Turkey's fight against FETÖ abroad continues effectively

Published 17.08.2018 00:00

Continuing the fight against the Gülenist Terror Group (FETÖ) abroad, Turkish foreign missions have been working closely with authorities in their respective countries.

İrfan Neziroğlu, the Turkish ambassador to Sudan, told Anadolu Agency (AA), "We are closely tracking the remnants of FETÖ there [in Sudan]... FETÖ will not find ease anywhere in the world."

The ambassador added that FETÖ's presence in Sudan was weakened after a high-ranking member of the terrorist group was extradited to Turkey, thanks to the efforts of the Turkish intelligence agency.

FETÖ and its U.S.-based leader Fetullah Gülen carried out the July 15, 2016 coup attempt in Turkey, which killed 250 people and wounded 2,200 others.

The terrorist organization has a presence in more than 150 countries around the world through schools, non-governmental organizations, lobbyists, media outlets and businesses.

Foreign Minister Mevlüt Çavuşoğlu said Wednesday that Sudan stood in solidarity with Turkey "on every occasion."

"Sudan showed it was in solidarity with Turkey on every occasion, particularly in our fight against FETÖ," Çavuşoğlu said in his address at the 10th Ambassadors Conference in the capital Ankara.

Meanwhile, Murat Ülkü, the Turkish ambassador to Cameroon, said that the Central African country has been totally cleared of FETÖ.

He said that the students and teachers at former-FETÖ schools are doing much better after they were transferred to the stewardship of the Maarif Foundation, which was founded by the government to manage Turkish schools abroad.

Speaking to AA in Ankara during the conference, Ülkü said that Cameroon stands by Turkey's side in the fight against FETÖ and that the two countries are economic allies.

Before the July 2016 coup attempt, FETÖ owned six schools and seven "religious" institutions in Cameroon.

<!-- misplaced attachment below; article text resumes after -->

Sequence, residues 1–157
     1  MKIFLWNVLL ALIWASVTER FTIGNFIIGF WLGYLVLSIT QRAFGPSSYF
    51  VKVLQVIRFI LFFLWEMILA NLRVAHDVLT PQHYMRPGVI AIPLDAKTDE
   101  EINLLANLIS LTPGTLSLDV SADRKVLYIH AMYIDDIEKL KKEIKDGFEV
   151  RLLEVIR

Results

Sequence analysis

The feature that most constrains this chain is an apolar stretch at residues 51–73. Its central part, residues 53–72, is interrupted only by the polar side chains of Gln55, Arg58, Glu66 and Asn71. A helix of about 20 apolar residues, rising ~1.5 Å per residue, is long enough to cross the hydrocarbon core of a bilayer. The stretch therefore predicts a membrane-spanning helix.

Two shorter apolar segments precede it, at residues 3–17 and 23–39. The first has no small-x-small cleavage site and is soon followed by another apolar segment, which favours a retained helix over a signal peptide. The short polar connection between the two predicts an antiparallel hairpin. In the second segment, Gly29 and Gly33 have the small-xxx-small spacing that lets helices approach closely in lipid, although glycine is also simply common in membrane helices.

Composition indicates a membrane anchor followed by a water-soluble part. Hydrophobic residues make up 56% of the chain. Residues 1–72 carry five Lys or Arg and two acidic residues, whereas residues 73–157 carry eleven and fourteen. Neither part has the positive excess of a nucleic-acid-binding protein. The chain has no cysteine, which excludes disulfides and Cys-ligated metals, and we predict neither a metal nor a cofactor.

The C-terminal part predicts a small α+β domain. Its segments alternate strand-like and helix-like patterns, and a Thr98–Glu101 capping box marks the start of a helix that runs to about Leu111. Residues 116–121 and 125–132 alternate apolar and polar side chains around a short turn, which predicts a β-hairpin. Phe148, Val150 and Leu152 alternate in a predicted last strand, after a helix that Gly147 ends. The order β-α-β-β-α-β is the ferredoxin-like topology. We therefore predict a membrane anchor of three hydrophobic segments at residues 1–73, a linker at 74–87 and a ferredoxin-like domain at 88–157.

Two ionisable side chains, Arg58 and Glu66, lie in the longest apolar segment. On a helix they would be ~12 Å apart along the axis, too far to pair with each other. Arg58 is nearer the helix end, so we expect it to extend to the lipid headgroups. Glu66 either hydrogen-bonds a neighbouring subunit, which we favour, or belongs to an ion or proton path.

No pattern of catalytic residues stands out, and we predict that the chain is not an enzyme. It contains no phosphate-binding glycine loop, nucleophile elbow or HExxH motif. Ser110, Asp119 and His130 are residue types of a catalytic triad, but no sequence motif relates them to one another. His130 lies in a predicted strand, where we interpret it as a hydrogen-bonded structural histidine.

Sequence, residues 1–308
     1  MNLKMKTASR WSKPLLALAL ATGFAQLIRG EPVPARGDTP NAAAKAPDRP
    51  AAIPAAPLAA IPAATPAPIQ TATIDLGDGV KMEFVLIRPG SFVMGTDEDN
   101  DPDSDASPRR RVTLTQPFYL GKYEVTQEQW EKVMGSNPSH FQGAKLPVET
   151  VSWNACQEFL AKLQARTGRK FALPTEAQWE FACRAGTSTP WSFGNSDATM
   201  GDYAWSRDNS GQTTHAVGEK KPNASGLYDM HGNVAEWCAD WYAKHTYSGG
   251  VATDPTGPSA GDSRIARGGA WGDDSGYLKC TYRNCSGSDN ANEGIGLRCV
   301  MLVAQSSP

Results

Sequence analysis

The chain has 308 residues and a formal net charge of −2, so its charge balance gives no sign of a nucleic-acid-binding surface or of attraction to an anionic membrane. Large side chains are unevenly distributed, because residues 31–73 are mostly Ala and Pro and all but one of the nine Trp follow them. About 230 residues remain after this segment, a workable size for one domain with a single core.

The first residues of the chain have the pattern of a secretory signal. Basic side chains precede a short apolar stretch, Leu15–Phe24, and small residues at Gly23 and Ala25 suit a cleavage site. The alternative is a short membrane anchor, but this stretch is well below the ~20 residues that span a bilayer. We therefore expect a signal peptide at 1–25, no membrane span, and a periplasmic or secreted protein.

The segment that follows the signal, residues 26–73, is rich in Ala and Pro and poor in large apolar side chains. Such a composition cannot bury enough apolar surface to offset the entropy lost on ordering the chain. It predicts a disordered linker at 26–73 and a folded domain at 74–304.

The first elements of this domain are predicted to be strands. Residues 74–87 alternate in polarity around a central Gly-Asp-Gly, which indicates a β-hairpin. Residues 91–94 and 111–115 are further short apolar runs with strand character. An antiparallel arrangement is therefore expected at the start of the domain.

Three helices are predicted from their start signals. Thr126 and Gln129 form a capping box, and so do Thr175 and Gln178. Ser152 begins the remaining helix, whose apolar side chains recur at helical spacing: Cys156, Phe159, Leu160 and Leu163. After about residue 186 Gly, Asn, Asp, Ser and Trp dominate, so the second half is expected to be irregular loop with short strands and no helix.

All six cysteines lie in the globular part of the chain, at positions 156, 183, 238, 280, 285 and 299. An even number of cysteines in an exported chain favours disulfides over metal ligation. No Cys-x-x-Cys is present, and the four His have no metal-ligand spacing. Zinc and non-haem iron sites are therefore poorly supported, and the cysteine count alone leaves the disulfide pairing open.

"Now, FETÖ has been fully driven out of Cameroon," said Ülkü.

He said that the government and people of Cameroon showed solidarity with Turkey.

"We, as a state, came to the country [Cameroon] too late, the FETÖ terrorists got here earlier and penetrated the public sphere and established a lot of local ties. But the people believed in us," he said.

All FETÖ-affiliated schools in Cameron have been handed over to the Maarif Foundation. The foundation is now working on a smooth transition for the teachers and students. "The quality of education will be much better," said Ülkü.

Fatma Ceren Yazgain, the Turkish ambassador in Tbilisi, told AA that although Turkey's demands on FETÖ have not yet been met by the Georgian government, there is close cooperation between the security forces of the two countries.

"We expect [from Georgian government] some serious steps [on FETÖ]," Yazgan said.

She added that the flow of FETÖ's financial resources from Turkey to Georgia has been cut but the terrorist group was still able to maintain its presence and activity in Georgia.

"The Turkish mission is looking to find out about the FETÖ sources in the country," she said.

Many countries have agreed to hand over FETÖ-linked schools to the Maarif Foundation, which manages Turkish schools abroad in coordination with the Education Ministry and Foreign Ministry.

The foundation is working to take control of FETÖ-linked schools in the African countries. Since its establishment, the foundation has made official contact with 90 countries and appointed directors to 40 countries so far. It currently runs 101 schools.

In a total of 12 countries, including Niger, Chad, Somalia and Sudan, 94 schools with more than 10,000 students have been handed over to the Maarif Foundation.

Turkey has asked several countries to shut down dozens of schools, colleges and businesses linked to the FETÖ network in the wake of the July 15 coup attempt blamed on the terrorist group's infiltrators in the military.

The terrorist group operates hundreds of schools around the world.

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